Revealing the world of radiography

Radiography students create a virtual careers fair to promote the profession at its best

Published: 21 April 2021 Students

Radiography students have provided a unique insight to the world of medical imaging by creating a virtual careers workshop for prospective recruits.

Inside Out is an outreach project to raise the profile of diagnostic radiography, led by Ismat Khan, a third-year diagnostic radiography student at the University of Cumbria.

Ismat came up with the idea early last year after winning a place on the Student Leadership Programme, known as the #150leaders scheme, run by the Council of Deans of Health.

The project went through several format changes over the year due to Covid-19 restrictions, finally coming to fruition in March as a series of filmed workshop-like sessions that will now be collated as an online module.

Ismat said: ‘Hopefully it will all come together like an e-learning module, which will feel as if you are experiencing a virtual careers fair. When the website goes live we will send it out to schools and also plan some actual in-person sessions at the university.’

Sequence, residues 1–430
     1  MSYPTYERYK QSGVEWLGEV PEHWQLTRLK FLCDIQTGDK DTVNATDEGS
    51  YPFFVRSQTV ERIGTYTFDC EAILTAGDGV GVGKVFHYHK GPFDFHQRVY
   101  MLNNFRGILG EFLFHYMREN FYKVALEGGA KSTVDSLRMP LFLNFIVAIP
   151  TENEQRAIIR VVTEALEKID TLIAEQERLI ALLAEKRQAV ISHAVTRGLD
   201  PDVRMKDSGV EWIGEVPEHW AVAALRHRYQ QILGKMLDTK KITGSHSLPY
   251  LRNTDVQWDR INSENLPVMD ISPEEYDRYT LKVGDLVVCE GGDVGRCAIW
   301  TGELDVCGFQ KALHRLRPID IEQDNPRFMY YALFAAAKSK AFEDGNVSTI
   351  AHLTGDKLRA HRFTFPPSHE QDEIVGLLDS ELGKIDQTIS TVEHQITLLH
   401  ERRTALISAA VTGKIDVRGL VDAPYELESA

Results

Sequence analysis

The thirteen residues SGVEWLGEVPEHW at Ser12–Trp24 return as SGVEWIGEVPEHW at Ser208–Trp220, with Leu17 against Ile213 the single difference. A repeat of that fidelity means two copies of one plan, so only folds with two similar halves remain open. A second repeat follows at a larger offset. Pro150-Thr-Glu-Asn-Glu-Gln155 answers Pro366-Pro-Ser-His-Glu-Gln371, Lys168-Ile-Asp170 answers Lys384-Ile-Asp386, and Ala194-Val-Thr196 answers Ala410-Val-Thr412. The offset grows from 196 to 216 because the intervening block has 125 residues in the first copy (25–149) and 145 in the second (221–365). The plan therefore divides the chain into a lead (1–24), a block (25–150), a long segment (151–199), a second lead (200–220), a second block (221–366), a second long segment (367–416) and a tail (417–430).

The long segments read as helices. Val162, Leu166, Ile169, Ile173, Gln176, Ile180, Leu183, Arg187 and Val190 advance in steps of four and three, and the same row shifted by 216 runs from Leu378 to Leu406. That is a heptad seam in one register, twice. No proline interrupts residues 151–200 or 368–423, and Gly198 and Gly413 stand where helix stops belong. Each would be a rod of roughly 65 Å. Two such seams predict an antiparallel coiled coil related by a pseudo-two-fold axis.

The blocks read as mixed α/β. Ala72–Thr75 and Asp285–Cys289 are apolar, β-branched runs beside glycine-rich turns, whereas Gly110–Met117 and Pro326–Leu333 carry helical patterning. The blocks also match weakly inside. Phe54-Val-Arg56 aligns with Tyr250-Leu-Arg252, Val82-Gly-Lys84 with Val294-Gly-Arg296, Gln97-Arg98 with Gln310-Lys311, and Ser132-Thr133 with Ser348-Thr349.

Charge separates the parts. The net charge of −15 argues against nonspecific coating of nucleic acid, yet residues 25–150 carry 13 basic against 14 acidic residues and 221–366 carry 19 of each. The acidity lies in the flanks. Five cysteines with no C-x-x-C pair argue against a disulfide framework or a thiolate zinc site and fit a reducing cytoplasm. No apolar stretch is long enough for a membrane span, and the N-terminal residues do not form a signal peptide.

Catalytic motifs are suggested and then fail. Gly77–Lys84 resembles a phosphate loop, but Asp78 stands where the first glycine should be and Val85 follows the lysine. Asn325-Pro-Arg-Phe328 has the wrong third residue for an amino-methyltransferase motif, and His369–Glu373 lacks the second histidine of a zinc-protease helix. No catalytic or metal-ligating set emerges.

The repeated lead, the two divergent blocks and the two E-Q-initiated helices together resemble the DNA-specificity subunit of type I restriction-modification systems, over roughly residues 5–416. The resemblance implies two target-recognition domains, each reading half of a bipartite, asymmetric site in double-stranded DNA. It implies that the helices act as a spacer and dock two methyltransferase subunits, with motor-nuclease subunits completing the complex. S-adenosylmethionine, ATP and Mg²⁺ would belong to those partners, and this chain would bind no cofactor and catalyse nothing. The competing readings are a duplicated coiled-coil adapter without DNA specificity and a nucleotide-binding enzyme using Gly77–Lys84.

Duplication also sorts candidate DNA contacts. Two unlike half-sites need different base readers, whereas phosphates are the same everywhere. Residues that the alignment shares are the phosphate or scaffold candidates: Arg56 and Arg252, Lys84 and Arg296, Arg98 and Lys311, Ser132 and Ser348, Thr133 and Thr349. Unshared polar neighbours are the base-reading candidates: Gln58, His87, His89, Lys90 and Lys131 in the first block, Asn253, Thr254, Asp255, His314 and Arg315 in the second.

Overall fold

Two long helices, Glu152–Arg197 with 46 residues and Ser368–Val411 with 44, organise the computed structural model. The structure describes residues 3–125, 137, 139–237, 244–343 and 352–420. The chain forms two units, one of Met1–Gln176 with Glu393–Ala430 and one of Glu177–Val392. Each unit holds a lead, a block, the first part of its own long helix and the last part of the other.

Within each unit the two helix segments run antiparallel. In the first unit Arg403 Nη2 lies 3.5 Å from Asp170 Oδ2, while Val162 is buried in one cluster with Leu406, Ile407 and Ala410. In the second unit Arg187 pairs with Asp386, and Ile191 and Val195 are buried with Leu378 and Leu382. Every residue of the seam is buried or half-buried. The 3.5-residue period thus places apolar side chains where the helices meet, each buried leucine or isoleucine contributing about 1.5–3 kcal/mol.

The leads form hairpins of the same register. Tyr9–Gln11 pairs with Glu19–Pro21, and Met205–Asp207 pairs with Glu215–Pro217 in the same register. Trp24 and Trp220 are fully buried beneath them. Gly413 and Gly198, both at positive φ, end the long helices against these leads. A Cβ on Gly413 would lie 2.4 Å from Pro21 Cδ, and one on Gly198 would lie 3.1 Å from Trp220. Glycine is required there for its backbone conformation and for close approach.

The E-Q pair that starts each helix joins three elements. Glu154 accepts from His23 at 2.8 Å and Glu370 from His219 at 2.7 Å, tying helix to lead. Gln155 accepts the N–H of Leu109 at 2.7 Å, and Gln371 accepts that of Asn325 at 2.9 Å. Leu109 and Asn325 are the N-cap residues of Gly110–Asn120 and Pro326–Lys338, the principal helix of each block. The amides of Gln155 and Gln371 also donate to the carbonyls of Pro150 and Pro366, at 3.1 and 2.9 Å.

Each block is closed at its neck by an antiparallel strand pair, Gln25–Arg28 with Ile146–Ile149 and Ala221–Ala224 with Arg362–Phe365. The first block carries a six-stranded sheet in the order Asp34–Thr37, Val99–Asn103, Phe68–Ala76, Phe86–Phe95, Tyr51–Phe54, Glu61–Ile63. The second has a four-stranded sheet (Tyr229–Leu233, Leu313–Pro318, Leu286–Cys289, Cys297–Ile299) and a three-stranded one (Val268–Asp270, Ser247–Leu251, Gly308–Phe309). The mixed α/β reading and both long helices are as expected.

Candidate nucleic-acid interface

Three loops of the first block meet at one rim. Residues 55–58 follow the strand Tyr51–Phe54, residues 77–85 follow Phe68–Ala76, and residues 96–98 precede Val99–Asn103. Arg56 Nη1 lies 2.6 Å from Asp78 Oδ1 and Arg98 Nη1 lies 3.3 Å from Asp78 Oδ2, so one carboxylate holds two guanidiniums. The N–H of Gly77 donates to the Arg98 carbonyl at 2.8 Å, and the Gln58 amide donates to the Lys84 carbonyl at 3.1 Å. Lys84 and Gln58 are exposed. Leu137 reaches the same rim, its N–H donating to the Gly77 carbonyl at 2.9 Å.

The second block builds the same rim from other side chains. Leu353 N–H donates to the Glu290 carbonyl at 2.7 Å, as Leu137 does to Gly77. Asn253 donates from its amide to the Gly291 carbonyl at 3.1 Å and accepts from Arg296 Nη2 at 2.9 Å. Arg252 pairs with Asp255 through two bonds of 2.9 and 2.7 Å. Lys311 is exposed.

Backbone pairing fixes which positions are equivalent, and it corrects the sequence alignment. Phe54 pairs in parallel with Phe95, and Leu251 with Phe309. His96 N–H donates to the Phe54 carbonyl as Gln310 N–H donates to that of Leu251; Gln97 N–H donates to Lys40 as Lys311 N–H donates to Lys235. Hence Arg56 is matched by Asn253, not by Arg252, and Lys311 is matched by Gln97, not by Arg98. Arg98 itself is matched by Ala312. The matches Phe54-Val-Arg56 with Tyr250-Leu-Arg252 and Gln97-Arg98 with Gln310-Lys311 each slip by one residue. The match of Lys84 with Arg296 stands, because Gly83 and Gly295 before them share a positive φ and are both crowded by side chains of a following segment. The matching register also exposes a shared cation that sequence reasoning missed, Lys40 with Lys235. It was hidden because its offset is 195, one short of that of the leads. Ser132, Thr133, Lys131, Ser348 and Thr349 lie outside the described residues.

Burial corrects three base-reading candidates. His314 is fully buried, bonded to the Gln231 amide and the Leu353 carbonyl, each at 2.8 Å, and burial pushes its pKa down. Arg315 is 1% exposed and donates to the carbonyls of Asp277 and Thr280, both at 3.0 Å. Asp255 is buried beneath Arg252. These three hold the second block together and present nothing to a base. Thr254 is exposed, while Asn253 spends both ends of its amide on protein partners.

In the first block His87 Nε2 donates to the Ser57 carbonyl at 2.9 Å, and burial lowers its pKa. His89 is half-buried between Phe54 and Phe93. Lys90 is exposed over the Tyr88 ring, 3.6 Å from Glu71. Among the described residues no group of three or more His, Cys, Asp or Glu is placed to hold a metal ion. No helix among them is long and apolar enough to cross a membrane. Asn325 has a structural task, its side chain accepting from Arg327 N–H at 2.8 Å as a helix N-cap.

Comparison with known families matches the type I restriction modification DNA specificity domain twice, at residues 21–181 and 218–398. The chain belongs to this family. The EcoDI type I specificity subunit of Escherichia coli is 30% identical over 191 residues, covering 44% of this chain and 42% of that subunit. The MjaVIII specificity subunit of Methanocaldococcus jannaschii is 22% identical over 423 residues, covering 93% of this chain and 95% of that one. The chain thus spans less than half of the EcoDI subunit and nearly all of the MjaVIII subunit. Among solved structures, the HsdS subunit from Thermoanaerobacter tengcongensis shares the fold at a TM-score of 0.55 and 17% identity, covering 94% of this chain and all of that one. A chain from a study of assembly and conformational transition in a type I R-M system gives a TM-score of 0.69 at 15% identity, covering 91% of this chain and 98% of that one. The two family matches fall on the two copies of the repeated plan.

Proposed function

In partnership with the Lancashire Teaching Hospitals Blended Learning Team, Ismat led and directed the filming day with Catherine Lamoon, the trust’s medical photographer/videographer.

They worked with three groups of up to four student volunteers, who were filmed presenting Ismat Khan (centre) with students from the University of Cumbria different aspects of diagnostic radiography, discussing their own student journeys into the degree and their progression since embarking on the course.

Ismat’s aim was to show all aspects of radiography from the inside out and to raise awareness of the huge variety of work within the profession.

‘There is so much evolution going on and no limit to what you can do. It’s so exciting, there’s just so much in this role,’ she explained.

Ismat said her clinical tutor, Thomas Welton, and her leadership coach, SoR officer Gill Harrison, had been instrumental in enabling her to complete the project during the pandemic.

‘I could not have done it without them,’ she said. ‘Now I would like to make it a national resource that is shared with other universities.

'I’d like it to be something that the next students coming through can take forward.’